Henry is almost twelve. (Time marches inexorably and mercilessly forward; our amazement in the face of this reality grows exponentially with each passing day). He is learning to navigate this world without my company. He walks around the neighborhood by himself. He runs errands for me; he visits friends; he accompanies said friends to buy ice cream or run around the park. Once they are out there, set free, I am sure they occasionally make too much noise. Out on the sidewalk, crossing a street, I can see at least one prim-faced adult shaking their head at the rowdiness of today’s youth. 

As he outgrows his little-boyness and stretches toward the light, I worry about him getting into trouble. But “trouble,” for me, means, oh, that he might get arrested. His inherent goodness might be impugned. We might have to go to family court; he might be traumatized. These are the consequences that actually concern me, if I bother to consider them in any real way. 

I never worry that a police officer is going to assume he’s a thug and shoot him. 

He’s a good kid. I know he is. But no one else has any reason to know that. They assume it and they will continue to assume it, because he is white. He enjoys the absurd privilege of being, by default, a good kid until proven otherwise. 

If he were black, it would be the reverse. And I would be scared as hell. 

Back when Henry was a baby, there was a rash of violent muggings in our neighborhood. Beat cops were assigned to practically every corner. We lived in a co-op at the time, and at one of our meetings, we were discussing the weird police state in which we now lived. One of us concluded that although it was unnerving having so many cops around, at least we were safer. 

One of our neighbors, a black woman, set us straight. It wasn’t safer for her; it was terrifying. Her two teenage sons, who couldn’t have been more than 13 and 15, were stopped every day. They were harassed if they sat on the stoop with their friends.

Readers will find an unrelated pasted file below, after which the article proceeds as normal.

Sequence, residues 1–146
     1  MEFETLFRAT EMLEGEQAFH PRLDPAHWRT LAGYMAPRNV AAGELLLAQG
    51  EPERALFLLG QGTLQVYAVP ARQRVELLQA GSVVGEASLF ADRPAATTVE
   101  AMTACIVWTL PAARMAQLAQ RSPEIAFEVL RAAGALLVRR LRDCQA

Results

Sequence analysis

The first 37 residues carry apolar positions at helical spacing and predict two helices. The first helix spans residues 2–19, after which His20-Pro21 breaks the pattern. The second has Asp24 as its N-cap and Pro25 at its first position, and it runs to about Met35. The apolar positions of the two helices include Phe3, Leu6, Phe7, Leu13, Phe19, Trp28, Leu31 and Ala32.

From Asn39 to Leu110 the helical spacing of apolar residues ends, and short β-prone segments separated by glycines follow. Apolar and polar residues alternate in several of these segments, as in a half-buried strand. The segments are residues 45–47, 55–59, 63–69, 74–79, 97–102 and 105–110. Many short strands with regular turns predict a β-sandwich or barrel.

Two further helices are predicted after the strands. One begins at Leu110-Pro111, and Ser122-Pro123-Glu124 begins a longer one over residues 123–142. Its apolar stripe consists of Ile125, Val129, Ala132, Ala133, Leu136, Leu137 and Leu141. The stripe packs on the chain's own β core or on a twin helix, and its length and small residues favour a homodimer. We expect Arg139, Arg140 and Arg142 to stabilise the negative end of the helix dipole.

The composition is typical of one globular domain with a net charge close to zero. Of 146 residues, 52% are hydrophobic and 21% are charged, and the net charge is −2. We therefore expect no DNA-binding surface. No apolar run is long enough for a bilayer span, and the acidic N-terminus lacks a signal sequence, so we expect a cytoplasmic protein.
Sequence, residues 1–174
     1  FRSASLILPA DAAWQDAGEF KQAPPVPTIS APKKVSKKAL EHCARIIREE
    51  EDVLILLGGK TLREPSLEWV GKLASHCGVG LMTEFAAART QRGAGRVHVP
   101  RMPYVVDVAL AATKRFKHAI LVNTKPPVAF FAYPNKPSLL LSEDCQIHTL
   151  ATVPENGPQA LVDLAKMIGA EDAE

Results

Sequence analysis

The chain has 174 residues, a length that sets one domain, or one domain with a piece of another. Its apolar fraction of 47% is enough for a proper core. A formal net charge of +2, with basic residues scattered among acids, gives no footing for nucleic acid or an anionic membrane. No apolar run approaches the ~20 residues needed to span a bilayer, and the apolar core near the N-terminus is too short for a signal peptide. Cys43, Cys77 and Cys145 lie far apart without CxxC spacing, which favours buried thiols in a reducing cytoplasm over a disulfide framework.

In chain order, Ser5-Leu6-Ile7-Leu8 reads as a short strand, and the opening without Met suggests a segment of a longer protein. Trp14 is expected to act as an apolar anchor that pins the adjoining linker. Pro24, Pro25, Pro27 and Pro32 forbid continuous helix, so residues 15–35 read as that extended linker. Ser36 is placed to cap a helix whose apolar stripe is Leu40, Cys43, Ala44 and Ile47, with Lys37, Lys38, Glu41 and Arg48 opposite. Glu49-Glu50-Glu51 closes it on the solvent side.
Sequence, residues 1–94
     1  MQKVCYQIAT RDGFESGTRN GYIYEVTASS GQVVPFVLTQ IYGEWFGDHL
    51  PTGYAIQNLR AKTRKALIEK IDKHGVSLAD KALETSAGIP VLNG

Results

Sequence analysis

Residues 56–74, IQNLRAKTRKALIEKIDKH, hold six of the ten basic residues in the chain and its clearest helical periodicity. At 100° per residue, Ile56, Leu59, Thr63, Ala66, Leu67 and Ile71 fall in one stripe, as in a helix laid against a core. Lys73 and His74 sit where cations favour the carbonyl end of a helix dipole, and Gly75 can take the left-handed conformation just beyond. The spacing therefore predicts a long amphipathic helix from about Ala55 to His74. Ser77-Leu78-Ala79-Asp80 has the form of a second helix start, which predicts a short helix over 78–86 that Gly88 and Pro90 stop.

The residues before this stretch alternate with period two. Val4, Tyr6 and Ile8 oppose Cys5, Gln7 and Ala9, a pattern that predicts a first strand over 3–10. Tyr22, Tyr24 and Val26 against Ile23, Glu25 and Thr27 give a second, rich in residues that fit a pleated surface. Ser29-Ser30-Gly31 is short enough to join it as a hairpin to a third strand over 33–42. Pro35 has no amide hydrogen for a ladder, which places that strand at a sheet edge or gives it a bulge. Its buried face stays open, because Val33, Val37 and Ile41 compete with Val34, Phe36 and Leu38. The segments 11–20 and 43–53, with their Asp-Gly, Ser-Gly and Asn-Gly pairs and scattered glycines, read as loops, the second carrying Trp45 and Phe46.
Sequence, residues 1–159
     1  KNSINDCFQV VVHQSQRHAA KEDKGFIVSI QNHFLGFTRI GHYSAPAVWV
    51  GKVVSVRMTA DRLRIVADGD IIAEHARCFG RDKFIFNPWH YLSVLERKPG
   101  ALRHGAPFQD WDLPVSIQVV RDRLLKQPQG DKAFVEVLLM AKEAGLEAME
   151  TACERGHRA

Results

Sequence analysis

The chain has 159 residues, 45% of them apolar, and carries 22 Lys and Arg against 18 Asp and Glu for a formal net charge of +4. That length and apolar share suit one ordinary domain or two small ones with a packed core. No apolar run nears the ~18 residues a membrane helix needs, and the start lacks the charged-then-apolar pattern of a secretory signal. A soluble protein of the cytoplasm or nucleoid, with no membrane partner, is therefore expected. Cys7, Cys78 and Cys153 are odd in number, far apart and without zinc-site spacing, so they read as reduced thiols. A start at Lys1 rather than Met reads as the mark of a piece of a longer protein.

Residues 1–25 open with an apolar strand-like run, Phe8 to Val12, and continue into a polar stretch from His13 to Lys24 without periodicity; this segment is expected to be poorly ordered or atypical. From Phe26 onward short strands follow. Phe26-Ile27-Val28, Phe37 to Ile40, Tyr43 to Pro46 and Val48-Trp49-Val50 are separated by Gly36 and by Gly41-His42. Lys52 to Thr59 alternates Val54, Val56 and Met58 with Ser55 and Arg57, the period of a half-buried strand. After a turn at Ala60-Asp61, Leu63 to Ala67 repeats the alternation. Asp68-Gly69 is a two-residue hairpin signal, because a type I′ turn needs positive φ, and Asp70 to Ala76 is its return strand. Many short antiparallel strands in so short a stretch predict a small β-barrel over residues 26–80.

She would have been well within our rights to call us out on our utter cluelessness, but instead she only asked us to help, if we saw the cops giving either of her boys a hard time. She asked us to confirm that they lived in the neighborhood. That they belonged. 

Never mind that they were good kids, who went to good schools. That doesn’t matter. They could have been drinking, they could have been troublemakers, they could have been teenagers acting like dopey teenagers. They were supposed to have that right. Instead, they were being treated like criminals solely because they were black. They were children, they were innocent, and they were afraid to step outside. 

We enthusiastically agreed, back then, to provide whatever help was needed, but I remember wanting to do more than play the role of white saviors. Didn’t our stepping in also imply tacit acceptance of the system? I didn’t know what to do. Riot, maybe. Take to the streets. March until our feet bled. 

Then, you know, the muggings stopped, the police presence diminished, and our lives went on. I stopped worrying over the inherent racism in the system designed to protect us. This was also a privilege that I enjoyed. 

But of course it never stopped. It’s still going on, all around us, everywhere. And it is an obscenity. That’s the only word I can come up with. That parents live in fear for their children is an obscenity. That there is even a discussion over whether Mike Brown’s homicide was justified is an obscenity. 

Innocent people are assaulted and murdered because of their skin color. This is something beyond an obscenity. I don’t have words for it. I don’t know how to make it stop. But I’m ready to fight. I'm ready to find out where we go from here, because we can't stay here.